Want versus need

As I have mentioned in earlier posts, one of the requirements of my teacher training program involves mentorship. Two weeks ago I completed my first mentor observation; today I completed my second (and final) one.

Detailed (and lengthy) notes from my observation can be accessed here. For individuals who want more of a high-level summary, here’s a quick synthesis of the “main points” I got from today’s session:

They say you get what you need, when you need it; and today’s class was a prime example of that.

I received a lot of wisdom and guidance from today’s teacher. None of her comments were directed at me specifically (I truly was ‘just’ an observer in class today); yet I felt like the instructor was stating all of the things I needed to hear (and internalize, and act on) during the 75-minute session. It was rather wild, actually.

As a result, I found myself writing notes for the majority of the class duration. Now, quite a few of the notes I took were focused on the practical logistics of managing a class (pose sequences, verbal cues, adjustments, etc.); and as I read through all of those notes after the class had ended, I got a tight feeling in my stomach: There is so much for me to try to remember and include in a yoga class! How can I do all of it? How can I clearly talk people into poses, cue breathing, provide verbal and/or hands-on adjustments to students who need them, respect the space of students who don’t want them, interject small helpful tidbits that can apply to both the yoga class and to the broader life context, and share 2500 years of ancient wisdom – and do it all simultaneously and consistently? Answer: I can’t. It’s impossible. What I can do is my best; what I can do is prepare, practice, arrive to class – and then relax. Let the class evolve naturally. Trust that what needs to be said and/or done will come to me; and let the rest go.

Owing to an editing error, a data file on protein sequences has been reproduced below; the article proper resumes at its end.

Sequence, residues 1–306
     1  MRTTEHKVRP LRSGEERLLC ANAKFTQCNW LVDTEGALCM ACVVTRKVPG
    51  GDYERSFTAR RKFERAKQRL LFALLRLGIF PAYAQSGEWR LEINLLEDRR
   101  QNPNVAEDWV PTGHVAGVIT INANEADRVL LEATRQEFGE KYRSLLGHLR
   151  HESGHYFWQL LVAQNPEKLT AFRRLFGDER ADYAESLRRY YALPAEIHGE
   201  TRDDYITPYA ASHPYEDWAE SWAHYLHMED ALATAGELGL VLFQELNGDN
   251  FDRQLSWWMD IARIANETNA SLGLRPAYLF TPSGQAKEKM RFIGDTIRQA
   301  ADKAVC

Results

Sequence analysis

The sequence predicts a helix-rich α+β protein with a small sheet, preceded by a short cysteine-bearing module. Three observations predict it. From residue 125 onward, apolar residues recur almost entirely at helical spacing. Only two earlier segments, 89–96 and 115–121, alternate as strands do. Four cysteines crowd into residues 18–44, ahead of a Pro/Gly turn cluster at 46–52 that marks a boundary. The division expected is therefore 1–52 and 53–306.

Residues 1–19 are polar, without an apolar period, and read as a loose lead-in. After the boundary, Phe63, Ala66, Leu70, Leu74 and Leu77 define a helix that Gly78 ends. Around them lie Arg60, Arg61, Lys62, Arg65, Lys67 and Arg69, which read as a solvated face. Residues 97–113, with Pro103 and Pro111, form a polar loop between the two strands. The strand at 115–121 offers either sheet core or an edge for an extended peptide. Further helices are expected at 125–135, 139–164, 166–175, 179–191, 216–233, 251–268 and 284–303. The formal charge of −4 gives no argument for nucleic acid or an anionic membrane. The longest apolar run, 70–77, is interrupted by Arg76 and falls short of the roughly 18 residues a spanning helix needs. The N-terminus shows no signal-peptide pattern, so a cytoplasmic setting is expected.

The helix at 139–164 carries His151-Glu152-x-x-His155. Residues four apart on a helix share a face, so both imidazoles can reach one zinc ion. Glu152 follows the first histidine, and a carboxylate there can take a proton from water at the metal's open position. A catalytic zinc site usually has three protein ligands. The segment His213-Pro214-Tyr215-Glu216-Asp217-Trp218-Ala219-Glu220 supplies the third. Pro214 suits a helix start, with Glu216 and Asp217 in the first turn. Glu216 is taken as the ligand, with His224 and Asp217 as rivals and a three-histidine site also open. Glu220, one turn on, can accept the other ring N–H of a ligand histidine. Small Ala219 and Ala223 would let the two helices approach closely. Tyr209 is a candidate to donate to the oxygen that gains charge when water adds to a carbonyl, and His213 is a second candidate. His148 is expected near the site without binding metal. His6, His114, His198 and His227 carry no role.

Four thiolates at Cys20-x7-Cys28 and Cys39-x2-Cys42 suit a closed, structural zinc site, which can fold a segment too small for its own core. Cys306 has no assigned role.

For a perfectionist, this is wildly difficult to even fathom, much less implement and actually do. And yet, this is absolutely what is called for. Ah – such is one (of the many) unexpected ‘challenges’ of yoga.

To that point, several of the notes I wrote during the class today were personal items for me to reflect on, investigate, explore… and likely work to integrate into my yoga practice, as well as my broader life.

And for me, that is becoming more and more the whole point of yoga – the broader life applications, my thoughts and behaviors “off the mat”. Yes, increased flexibility, strength, and balance are all wonderful outputs of a consistent yoga practice – and I am grateful for them all. And they absolutely are the reasons why I began yoga in the first place. But as I continue down this path, I am valuing more and more the focus, the concentration, the meditative qualities, and the wisdom that surfaces as I earnestly and fully engage in a holistic practice.

Oh baby. Yeah, yeah. ;)

Stef

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About Stef

A "serious" gal who is trying to remember to lighten up and smile.
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